It sort of depends what you mean, you know, the potential supply of low quality, illegitimate offsets is virtually infinite. So I mean, just for example, something that's happening right now in this market, is that countries that have always done a good job of protecting their forests, their tropical forests, they have not been able to participate in offset markets, because the forest has to be under threat. If a forest is not under threat, then you can't do an offset project. And the countries like Gabon, for example, that have done a good job of managing their forests, very low deforestation rates, they have been very upset that they've been locked out of this mechanism. So they have now started selling carbon credits into the market that basically don't have any additionality. And if you start selling billions and billions of tons from standing forest that isn't under any immediate threat, yeah, you could accomplish net zero, but it won't actually have the climate change benefit that you're hoping for, because it's all just a mirage.
Akshat Rathi 29:23
But that's weird, right? You go through these phases where carbon offsets become an interesting tool, then there's sort of a boom-bust cycle of commodity life happening here. And all the time people have these problems that many become aware of, then somehow they forget, and then other groups of people become aware of. Why?
Mark Trexler 29:44
Well, it's weird, only in the sense that in an ideal world, it wouldn't happen. I mean, we see this kind of thing happening in all kinds of areas all the time. You know, back in 2008 people were cold calling retirees telling them, you really should invest in carbon offsets for your retirement funds, because you'll make a lot of money. This was in 2008, the market collapsed in 2009. Now, people are out telling retirees, you should be investing in carbon offsets, because you're going to make a lot of money. And maybe they're right, this time, I can't predict the future better than anyone else. I can say that these markets are incredibly fragile. And this is a commodity that you can't see, you can't smell, you can't feel. It's sort of like the Emperor's invisible clothing. And so it's a very strange commodity. And unless you're very careful with how you manage that commodity, or regulate that commodity, you really are just selling a lot of Emperor's invisible clothes. But a lot of people have a lot of money at stake in doing just that. I don't think people are going into this with nefarious intent. But you know, they're able to convince themselves that what they are doing is good for the planet, etc. But when you look at the whole picture, it is not having much of an effect.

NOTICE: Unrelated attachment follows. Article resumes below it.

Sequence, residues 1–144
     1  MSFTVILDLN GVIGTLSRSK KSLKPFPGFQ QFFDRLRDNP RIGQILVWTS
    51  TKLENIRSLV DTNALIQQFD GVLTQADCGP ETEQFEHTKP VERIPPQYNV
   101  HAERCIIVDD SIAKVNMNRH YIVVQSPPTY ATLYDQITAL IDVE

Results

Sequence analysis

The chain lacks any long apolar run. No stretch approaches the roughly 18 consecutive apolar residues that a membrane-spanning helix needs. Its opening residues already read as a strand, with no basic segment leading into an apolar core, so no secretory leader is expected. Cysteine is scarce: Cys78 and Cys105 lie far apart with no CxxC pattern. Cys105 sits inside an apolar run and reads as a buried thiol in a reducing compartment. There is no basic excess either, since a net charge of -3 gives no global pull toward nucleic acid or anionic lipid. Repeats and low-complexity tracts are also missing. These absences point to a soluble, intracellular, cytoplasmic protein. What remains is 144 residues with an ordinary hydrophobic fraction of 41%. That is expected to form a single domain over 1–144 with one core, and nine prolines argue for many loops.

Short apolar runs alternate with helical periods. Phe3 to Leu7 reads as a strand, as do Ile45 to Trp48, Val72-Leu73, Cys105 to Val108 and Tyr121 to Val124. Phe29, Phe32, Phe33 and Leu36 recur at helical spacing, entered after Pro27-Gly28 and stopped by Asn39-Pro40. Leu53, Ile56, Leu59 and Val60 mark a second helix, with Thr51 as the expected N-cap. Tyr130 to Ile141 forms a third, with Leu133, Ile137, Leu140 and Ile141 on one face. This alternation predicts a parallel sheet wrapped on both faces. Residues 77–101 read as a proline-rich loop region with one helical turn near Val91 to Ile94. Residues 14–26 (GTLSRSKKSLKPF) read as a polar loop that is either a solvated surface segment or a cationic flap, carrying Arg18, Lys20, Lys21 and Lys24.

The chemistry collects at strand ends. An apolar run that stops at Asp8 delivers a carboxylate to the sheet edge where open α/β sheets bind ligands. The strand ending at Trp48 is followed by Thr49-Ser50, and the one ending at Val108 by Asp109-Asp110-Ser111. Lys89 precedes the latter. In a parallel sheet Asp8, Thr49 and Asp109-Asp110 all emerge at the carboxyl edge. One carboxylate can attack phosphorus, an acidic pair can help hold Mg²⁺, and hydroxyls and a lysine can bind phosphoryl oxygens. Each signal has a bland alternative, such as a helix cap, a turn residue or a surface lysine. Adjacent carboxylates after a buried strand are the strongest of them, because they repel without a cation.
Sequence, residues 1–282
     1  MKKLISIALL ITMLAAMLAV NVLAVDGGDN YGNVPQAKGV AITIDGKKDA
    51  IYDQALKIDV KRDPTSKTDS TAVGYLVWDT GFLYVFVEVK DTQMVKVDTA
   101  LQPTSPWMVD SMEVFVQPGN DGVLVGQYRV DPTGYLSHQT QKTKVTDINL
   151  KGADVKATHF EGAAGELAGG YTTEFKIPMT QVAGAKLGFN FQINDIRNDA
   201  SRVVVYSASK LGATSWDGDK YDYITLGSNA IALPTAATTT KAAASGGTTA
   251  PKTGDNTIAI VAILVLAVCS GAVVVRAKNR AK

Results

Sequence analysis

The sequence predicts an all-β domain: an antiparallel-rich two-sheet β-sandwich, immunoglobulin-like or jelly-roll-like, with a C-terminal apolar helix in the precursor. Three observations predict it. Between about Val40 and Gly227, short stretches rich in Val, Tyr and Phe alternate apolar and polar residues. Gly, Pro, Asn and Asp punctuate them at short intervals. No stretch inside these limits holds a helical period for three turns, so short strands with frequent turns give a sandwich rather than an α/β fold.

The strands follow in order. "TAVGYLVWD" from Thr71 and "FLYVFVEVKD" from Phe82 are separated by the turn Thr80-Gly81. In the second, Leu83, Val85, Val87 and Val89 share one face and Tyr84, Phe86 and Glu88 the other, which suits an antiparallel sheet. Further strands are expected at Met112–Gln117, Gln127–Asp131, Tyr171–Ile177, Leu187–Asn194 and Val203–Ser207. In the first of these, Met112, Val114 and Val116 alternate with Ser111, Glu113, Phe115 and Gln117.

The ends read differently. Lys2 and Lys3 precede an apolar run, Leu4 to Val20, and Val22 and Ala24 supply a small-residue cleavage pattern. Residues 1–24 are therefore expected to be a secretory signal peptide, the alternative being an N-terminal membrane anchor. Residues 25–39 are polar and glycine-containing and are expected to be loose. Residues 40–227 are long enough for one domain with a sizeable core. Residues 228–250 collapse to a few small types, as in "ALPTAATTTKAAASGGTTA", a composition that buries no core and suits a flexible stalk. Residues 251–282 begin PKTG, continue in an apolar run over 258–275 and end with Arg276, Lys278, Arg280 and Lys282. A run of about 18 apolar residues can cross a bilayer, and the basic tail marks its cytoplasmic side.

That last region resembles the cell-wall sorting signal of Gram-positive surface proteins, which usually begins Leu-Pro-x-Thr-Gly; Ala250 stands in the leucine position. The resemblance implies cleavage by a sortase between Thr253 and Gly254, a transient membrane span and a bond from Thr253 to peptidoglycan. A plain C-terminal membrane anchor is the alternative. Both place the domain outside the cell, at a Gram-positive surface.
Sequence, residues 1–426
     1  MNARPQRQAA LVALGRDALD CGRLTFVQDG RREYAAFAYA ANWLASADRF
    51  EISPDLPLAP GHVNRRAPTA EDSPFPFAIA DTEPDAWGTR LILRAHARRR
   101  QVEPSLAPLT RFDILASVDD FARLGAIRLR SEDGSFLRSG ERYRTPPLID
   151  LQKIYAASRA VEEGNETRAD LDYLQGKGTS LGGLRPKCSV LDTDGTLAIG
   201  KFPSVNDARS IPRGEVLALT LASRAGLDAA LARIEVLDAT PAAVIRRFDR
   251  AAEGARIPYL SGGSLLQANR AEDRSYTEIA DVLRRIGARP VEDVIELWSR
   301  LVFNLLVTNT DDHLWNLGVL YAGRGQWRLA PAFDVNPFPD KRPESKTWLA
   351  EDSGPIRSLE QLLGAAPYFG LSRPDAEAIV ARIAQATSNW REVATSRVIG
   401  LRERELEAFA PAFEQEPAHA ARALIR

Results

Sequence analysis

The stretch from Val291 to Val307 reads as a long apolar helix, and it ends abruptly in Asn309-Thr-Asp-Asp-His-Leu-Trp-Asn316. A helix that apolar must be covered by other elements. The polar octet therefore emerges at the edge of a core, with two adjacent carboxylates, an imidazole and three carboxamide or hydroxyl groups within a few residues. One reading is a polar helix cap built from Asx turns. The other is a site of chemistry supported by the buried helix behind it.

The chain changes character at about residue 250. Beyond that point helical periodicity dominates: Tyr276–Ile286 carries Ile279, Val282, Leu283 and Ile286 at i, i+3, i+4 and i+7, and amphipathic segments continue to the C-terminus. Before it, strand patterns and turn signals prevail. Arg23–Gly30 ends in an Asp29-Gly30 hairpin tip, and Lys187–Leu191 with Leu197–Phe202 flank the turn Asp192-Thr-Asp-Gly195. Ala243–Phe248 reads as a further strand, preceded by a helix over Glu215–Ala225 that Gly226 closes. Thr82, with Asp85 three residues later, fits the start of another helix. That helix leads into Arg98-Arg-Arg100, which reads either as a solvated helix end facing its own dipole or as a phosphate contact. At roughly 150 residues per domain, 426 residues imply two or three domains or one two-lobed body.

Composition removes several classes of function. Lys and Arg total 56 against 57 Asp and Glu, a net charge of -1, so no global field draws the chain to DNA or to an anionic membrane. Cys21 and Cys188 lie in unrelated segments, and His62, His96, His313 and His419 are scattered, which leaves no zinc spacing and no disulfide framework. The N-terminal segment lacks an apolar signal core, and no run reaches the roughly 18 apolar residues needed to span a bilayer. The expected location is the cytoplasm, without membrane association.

Akshat Rathi 31:15
So offsets don't work as they are intended to yet they're everywhere. Is there any way to fix them?
Mark Trexler 31:22
Well, I think the two ways you could go about fixing them. One is to go back to a decision that was made very early on in terms of a positive list versus the alternative. The positive list was somebody would sit down and decide what offsets are good offsets. And those would go on to a positive list, and only those could be brought into the market. And this was abandoned very early on in the process, because no one knew well, who's going to do it? How would they pay for it? How long will it take? Let's do more of an ad hoc system, which quickly turned into sort of a creative writing exercise to get projects approved. So the other thing that could make a significant difference is giving buyers the ability to differentiate between lower quality and higher quality offsets. And that could be done through a scoring system. And my team many years ago developed the first carbon offset scoring system, where basically all offsets would be ranked at or scored between zero and 1000. To say, here's how much confidence you can have that this offset is satisfying the criteria of additionality, permanence, and leakage. Ideally, people would buy 800s and would not buy 200s. So if we're going to have offsets, the idea of scoring offset seems to me an option that could do a lot of good.
Akshat Rathi 32:52
So given all the problems we've talked through, you're still stuck with this market for 30-odd years. Why?
Mark Trexler 32:58
This is by no means my primary focus. I'm focused on climate risk issues, and how can we better communicate climate risk? But I do continue to get drawn back into the offsets issue just because I have been around it for so long. But I personally really do despair that we will ever use offsets in the way that we could as a climate change mitigation tool. It's just too easy to do it wrong. And we just keep seeing that repeatedly.
Akshat Rathi 33:35
Mark, thanks for coming on the show.
Mark Trexler 33:37
Thank you very much.
Akshat Rathi 33:46
I've been writing about carbon offsets for a few years now. And I still haven't plumbed all the depths or grasped all the complications. However, talking to Mark has allowed for probably the clearest understanding of where things stand today.
If you want to read more about the dodgy world of offsets, and how big brand names continue to fall for them, check out a three part investigation that Bloomberg green published recently. You can find it at bloomberg.com/green or in the shownotes.
I want to recommend the podcast A Matter of Degrees. Dr. Katherine Wilkinson and Dr. Leah Stokes talk about the forces behind climate change and the tools we have to fix it. They just put out a bunch of episodes about what individuals can do. I recommend Part II: The Professional, where you can follow along as an oil worker tries to change jobs and go green.
Thanks so much for listening to Zero. If you like the show, please rate, review and subscribe. Tell a friend or tell a cap and trade expert. If you've got a suggestion for a guest or topic or something you just want us to look into get in touch at firstname.lastname@example.org Zero’s producer is Oscar Boyd and senior producer is Christine Driscoll. Our theme music is composed by Wonderly.
Many people helped make the stories we feature on the podcast. Special thanks to Natasha White and Demetrios Pogkas for their interminable attention to detail. I'm Akshat Rathi, back next week.